in a corner with a guitar, writing about what I was feeling. Being famous and
having people screaming at you doesn't make me happy, but writing a song
on the band’s future:
-"Life's so unpredictable that there's no point in planning anything," says Dolores. "There's a line in 'Empty' that goes 'All my plans fell through my hands.' None of us take things too seriously, and if it all ended tomorrow, we'd just think, 'All well and good, we had a good time.'"
-"The lads and myself do fine, we get along just like the beginning. People won't believe it, but we have no egos with each other-success didn't destroy us like so many others."
on the idea of home and the actual home in Canada:
-"The truth was I didn't have a home for a long time. I was living in a flat with an old boyfriend when I joined the band, and split up with him when I was 20. So I had no home for a long time, except that cottage in Canada. [Dolores is married to Canadian Don Burton, her ex-tour manager.] So in the last couple of years we managed to get out home together, and it's amazing. I love it. It feels so good to have a home, somewhere that you can call yours. Escapism, it's lovely."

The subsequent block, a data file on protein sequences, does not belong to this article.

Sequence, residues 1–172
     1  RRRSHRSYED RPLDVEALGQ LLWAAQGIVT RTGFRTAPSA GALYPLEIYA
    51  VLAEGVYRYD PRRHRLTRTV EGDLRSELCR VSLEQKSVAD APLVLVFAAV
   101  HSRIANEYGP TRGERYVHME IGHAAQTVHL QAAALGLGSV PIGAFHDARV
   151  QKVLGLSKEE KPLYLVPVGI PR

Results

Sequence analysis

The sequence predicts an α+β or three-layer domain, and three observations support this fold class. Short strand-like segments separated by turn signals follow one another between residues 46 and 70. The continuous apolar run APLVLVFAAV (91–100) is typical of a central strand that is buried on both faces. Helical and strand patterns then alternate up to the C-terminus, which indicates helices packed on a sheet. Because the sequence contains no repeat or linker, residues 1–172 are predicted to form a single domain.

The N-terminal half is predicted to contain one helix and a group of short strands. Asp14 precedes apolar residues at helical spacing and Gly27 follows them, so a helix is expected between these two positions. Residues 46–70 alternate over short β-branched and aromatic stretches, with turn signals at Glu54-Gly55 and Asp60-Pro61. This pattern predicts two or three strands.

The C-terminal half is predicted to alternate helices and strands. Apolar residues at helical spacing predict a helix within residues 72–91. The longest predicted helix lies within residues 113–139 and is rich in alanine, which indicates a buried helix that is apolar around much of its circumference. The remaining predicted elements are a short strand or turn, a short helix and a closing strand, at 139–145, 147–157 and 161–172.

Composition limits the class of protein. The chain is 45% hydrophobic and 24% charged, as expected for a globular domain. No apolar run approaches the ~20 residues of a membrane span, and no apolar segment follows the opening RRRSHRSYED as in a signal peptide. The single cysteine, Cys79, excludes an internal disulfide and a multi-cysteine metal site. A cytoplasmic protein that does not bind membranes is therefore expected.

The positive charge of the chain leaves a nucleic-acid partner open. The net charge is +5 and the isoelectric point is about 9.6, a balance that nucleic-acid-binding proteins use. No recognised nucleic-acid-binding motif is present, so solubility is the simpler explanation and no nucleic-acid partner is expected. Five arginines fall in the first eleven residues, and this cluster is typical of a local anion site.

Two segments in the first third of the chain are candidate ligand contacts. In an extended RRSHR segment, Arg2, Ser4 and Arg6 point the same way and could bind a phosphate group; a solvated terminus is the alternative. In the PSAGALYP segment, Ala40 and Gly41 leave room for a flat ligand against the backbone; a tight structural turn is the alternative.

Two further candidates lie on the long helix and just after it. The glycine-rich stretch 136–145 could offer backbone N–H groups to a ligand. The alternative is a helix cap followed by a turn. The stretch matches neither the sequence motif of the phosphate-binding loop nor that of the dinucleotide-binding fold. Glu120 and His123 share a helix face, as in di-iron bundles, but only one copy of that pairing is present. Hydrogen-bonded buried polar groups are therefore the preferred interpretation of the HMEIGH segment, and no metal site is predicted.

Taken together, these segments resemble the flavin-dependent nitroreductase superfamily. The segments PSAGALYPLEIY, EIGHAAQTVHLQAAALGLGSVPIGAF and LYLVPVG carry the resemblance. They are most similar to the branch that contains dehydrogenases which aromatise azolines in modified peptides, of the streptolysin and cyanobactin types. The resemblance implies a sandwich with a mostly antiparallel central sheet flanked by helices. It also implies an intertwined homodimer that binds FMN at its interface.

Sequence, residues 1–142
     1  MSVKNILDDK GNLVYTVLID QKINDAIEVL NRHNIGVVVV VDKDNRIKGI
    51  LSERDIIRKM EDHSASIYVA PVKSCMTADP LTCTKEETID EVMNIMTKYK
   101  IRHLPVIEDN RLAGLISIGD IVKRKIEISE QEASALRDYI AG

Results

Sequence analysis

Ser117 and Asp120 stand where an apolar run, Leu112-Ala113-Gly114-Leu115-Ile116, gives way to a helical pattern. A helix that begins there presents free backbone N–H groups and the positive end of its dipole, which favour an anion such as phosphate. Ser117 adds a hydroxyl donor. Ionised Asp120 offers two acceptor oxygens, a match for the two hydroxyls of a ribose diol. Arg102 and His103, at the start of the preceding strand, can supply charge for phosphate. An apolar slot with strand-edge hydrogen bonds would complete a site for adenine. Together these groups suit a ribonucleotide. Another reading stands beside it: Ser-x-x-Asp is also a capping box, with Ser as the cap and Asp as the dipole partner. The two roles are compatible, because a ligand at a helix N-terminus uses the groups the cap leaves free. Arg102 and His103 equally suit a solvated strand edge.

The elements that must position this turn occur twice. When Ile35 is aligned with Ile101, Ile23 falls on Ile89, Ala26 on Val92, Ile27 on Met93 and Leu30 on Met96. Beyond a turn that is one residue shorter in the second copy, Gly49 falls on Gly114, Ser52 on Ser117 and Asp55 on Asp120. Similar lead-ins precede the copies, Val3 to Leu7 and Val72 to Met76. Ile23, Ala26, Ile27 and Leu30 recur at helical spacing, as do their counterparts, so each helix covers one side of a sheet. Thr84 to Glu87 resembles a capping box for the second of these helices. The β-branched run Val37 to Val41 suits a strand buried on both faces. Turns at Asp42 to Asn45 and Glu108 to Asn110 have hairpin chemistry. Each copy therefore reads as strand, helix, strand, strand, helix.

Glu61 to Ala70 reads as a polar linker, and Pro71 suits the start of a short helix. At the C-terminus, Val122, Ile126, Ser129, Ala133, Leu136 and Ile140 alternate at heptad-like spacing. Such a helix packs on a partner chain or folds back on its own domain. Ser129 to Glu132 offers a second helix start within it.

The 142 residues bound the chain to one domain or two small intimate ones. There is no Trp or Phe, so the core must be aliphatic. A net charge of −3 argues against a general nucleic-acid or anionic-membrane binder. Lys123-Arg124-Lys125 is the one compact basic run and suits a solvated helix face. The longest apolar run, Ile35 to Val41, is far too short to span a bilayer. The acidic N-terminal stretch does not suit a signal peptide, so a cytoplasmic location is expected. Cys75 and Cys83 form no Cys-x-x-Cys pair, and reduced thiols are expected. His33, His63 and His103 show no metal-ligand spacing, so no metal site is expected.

-"The home we built was in real tourist area, and tourists kept coming up to the house, and photographers were following me. One day this car pulled up and asked for Dolores. I said 'I'm Dolores, but this is private residence.' He got upset and said, 'I wouldn't treat you that way if you came to my house.' The fact that I was pregnant, it scared me. I decided to get out, and we came back over here to hibernate."
-"My husband had me freaked out for the first year here, that wolves and bears would get me. But Canada is such an amazing country in terms of animals and landscape. We'll be back."
Dolores on pregnancy, stardom and motherhood:
thought, now I want to have a baby. Because you've had three albums, sold 20
something million. That's more that I thought I would do at 25. Now I would like